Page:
October 13, 2005

iPods and video

Writing about New iPods from [Ux]

There's been a bit of chat on Steve's blog about the new iPods which can do video, albeit on a pretty small screen at a pretty cruddy resolution. A couple of posts on blogs elsewhere touch on this in interesting ways: from Boing Boing Glenn Fleishman observes:-

  • Can't transfer TV programs.
  • Not much content yet designed to play on it.
  • Battery life while watching video is rated at 2 to 3 hours, thus not long enough for even a half-country-hopping flight.
  • Can't burn the content you buy for it, so you suddenly have a storage and management problem.
  • So this is for Greenwich-to-Manhattan commuters with disposable cash who don't watch Lost or Desperate Housewives the night before because they're too busy playing squash. They can watch DH on the way into work and Lost on the way back without running out of battery life… just barely.

But on the other side of the fence, I think John Gruber is also absolutely spot on when he says :-

Apple is simply kicking ass with iPod hardware engineering. In just one year, they’ve dramatically shrunk the thickness, added a larger full color screen, increased capacity, increased battery life, and added photo and video playback. Which is not even to mention how much better the Nano is than the iPod Mini. I’m hard-pressed to think of any other hardware company doing as much innovative product design and engineering as Apple’s iPod division.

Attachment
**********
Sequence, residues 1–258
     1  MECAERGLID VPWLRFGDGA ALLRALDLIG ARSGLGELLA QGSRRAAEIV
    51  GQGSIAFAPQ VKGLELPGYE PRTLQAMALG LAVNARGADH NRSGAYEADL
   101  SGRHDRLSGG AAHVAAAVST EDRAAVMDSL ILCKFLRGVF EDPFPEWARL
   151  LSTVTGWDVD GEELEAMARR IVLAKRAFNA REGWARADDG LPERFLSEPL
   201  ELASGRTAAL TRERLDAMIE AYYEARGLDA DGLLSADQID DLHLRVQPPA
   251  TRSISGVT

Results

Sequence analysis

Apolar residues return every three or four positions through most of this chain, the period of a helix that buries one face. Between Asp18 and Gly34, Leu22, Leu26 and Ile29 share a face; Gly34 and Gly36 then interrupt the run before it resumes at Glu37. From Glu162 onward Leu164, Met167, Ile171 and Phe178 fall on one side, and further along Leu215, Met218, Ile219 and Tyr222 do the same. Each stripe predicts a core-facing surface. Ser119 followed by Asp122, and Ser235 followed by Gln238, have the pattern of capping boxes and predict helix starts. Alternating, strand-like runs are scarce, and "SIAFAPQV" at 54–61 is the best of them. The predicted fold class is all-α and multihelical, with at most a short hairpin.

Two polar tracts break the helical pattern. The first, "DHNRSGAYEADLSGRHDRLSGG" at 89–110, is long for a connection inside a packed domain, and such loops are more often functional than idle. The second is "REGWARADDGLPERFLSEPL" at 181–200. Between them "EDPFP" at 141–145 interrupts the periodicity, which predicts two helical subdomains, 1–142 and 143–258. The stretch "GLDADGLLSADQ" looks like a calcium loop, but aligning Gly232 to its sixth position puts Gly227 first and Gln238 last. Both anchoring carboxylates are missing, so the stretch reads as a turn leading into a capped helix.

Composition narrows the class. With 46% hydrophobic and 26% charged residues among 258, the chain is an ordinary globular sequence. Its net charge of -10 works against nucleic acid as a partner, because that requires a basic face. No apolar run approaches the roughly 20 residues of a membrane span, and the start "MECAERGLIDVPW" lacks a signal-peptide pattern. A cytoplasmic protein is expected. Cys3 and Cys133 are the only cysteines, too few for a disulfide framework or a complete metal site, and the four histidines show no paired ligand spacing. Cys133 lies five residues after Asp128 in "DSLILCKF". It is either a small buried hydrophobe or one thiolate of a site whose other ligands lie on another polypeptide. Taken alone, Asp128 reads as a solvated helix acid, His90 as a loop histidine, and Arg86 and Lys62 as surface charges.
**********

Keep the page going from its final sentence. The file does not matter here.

Even if, like me (and Chris, and others) you don't see the attraction of this particular iPod iteration, I think Apple's track record with the hardware is just dazzling.


- One comment Not publicly viewable

  1. Steven Carpenter

    Even if, like me (and Chris, and others) you don't see the attraction of this particular iPod iteration,...

    ..which is interesting to be because I wonder how well Apple is pitching new iPods at current users and how much the video capability is affecting the debate.

    The timing looks good; lots of 1, 2 and 3G iPods with decreasing li-ion capacities, or tired/full drives and here comes Apple with the most significant capacity, design and form factor leap since the inception of the product. Doing this while maintaining the core product ethos is a tricky thing to pull off and I think they've done it well. It seems from the reactions I've seen so far that many existing owners don't see a point to upgrading to the 5G, possibly because the video feature seems to be dominating discussion. As a music player it remains by far the best-realised device on the market and the new design hits the spot (maybe a bit smaller, like a Mini, would have been nice) and combined with iTunes I can't see anyone breaking the 82% market share anytime soon. I wonder if they may have opened up a market to competitors for 4GB-20GB players by creating such a large capacity gap between the Nano and the 5G models, unless of course they have another announcement to make (pink Madonna ones notwithstanding)...

    I thought this quote from Gizmodo summed it up…

    What’s going to happen now? You’re going to go buy one. Your mom is going to buy one. Your grandma is getting one. And downloadable video will become as commonplace as downloadable music. And Apple will win in this space, as well.

    13 Oct 2005, 22:31


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